I think these sparkly bath bombs make a pretty cool holiday gift. Scented with ancient frankincense and myrrh essential oils, and sparkled up with some eye catching gold mica, these bath bombs would be right at home in a manger (though moreso in a bath).
Bath bombs are really just a dry version of the baking soda (USA / Canada) (the base) and vinegar (the acid) volcano we all made as kids. We swap the vinegar for citric acid, and then we’ve got a solid lump that’ll go all Krakatoa on us when it gets wet (ideally in the tub, and not before).
To amp up the luxury factor of these bath bombs, we’ll blend in some skin softening oils along with the essential oils. I’d recommend doing this before you add both the base (baking soda) and the acid (citric acid) to your mixture as the oils can trigger the fizzing if both are present, which we don’t want.
You’ll want a big bowl, a spray bottle, a big spoon, and a mould or two for this project. I’ve found that bath bombs don’t perform terribly well in very intricate moulds, and I usually just use a quarter cup measuring cup as my mould, but a spherical one would be a great choice, too.
The trick with a bath bomb is to use the mister to hydrate the mixture just enough that the crystals in the mix (the salt and the acid) will start to dissolve a bit and then fuse together as they dry, but just that much. Any more any the mixture will react with itself, and you’ll either have a volcano in a bowl, or you’ll find your bath bombs sadly swollen and misshapen after their supposed drying time.
Once you’ve got a perfectly hydrated mix, pack it into your mold, tap them out of the mold, and let them dry for a day or two. Now you’ve got a perfect gift! These bath bombs also pair beautifully with my matching lotion.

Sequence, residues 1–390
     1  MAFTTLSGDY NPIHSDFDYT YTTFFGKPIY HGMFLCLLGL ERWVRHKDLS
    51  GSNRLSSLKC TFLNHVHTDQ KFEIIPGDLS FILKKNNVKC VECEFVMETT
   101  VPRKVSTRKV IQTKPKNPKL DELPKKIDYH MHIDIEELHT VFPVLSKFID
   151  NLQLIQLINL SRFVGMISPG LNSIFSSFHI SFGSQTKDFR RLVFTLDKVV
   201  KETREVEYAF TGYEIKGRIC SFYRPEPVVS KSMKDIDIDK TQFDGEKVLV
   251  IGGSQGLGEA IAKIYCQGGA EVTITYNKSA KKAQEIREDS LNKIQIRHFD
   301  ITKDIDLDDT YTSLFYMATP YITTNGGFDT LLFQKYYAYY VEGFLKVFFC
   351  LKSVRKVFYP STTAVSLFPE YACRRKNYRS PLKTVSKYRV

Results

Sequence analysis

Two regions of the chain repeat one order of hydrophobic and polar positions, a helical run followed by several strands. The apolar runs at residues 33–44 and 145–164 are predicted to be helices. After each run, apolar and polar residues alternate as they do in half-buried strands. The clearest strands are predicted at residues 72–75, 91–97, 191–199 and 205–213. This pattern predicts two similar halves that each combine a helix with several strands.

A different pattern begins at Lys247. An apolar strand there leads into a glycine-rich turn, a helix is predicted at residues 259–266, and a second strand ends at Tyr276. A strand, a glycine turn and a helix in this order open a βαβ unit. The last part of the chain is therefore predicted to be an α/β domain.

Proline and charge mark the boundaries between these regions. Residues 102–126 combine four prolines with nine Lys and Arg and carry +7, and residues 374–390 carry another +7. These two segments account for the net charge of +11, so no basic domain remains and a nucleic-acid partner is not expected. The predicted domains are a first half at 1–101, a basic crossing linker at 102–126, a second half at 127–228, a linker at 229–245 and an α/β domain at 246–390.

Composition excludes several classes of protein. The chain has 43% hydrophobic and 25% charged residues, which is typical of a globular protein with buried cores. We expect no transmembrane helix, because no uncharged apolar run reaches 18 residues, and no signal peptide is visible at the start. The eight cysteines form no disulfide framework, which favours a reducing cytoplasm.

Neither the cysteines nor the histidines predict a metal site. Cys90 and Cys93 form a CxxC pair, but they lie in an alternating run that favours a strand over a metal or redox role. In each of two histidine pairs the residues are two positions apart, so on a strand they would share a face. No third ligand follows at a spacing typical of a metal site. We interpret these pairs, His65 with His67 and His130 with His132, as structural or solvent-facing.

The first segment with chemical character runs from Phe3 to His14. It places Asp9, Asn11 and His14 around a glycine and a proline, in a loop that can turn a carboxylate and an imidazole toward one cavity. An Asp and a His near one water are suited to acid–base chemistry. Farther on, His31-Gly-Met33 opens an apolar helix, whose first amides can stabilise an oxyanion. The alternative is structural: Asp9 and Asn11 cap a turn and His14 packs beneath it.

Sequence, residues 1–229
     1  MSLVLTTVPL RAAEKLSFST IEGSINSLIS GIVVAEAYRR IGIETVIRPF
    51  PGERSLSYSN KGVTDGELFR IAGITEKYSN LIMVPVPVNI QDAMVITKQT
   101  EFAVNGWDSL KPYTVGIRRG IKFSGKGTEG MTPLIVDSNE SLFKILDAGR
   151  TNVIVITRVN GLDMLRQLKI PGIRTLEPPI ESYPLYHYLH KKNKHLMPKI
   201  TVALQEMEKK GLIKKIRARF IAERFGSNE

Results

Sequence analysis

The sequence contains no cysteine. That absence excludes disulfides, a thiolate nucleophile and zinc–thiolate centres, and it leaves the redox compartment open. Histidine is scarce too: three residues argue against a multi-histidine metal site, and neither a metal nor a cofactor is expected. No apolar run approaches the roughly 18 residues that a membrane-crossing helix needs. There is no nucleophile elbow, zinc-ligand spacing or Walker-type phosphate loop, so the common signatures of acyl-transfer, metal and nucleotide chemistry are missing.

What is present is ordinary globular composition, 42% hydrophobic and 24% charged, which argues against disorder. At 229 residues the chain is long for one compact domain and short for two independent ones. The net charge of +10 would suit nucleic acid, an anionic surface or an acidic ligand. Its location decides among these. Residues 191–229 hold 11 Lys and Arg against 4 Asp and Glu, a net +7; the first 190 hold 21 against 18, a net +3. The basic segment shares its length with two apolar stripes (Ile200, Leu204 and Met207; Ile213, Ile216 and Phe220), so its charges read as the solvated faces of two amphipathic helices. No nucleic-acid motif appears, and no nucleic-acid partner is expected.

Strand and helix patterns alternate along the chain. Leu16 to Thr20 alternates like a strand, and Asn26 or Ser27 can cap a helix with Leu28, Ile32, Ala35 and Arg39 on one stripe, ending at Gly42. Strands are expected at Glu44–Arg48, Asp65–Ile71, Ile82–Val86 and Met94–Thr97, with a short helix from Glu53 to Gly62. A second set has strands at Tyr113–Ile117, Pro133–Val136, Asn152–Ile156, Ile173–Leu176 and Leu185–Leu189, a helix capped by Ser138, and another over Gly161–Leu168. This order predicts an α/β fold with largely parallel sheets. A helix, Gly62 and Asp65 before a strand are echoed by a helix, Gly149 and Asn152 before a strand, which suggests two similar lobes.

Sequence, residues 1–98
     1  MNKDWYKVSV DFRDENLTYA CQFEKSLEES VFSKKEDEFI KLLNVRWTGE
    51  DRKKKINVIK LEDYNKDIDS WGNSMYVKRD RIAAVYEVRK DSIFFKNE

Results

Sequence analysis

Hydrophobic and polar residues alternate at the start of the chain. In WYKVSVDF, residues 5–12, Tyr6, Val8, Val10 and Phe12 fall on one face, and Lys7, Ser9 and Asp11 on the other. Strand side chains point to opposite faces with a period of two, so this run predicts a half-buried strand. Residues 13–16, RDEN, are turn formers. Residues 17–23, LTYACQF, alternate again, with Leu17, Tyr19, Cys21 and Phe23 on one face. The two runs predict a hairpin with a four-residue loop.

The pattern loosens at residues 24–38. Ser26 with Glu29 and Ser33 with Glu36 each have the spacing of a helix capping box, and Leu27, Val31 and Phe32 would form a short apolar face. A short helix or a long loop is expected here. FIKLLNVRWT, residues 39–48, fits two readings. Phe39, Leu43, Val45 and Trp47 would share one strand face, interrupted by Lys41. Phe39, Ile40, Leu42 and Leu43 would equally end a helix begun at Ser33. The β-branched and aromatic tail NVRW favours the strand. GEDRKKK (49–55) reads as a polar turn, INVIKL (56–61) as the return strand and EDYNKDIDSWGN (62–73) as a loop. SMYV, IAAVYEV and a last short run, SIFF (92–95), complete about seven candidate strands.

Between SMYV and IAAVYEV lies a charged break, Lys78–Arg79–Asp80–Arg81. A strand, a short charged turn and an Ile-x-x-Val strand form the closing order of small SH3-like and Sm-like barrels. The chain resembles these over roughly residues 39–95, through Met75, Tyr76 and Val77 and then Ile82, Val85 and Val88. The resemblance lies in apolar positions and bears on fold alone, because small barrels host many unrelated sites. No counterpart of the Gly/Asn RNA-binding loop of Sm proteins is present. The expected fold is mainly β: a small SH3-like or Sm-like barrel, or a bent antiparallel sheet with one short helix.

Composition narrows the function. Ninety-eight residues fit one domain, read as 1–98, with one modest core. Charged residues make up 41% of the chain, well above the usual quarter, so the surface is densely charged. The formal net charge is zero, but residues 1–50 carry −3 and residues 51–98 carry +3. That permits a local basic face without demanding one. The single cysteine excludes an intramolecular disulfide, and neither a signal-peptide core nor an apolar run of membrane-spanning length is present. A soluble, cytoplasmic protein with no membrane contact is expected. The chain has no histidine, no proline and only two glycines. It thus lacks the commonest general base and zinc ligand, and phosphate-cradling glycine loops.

Gold, Frankincense, & Myrrh Bath Bombs
½ cup citric acid
Stir in the citric acid, ensuring everything is thoroughly mixed.
Now it’s time to add just enough liquid to get the mixture to hold together in a mold. Not too much, though, or it will react in the bowl/mold, not in your bath. That’s why we’re using a mister (it’ll spread the moisture better) and witch hazel (for some reason the reaction isn’t as vigorous when you use witch hazel, plus they dry faster, apparently).
So, spread your mixture out in your bowl so you have as much surface area as possible, and spritz. Then quickly stir thoroughly. Repeat until you can grab a clump of the mixture and it will hold together after a firm squeeze.
Once the mixture will hold together, pack it into a mold of your choice (I like a ¼ cup measuring cup), and then tap it out onto a sheet of wax paper. Let dry overnight, turning once.
To use, drop in a hot bath and enjoy! This recipe will make about eight ¼ cup bath bombs.
I chose Turkey Red Oil because it self-emulsifies in water, meaning no weird floating blobs of oil in your tub, or oil slicks afterwards. If you don’t have it feel free to substitute any liquid carrier oil like sweet almond, grapeseed, safflower, or olive.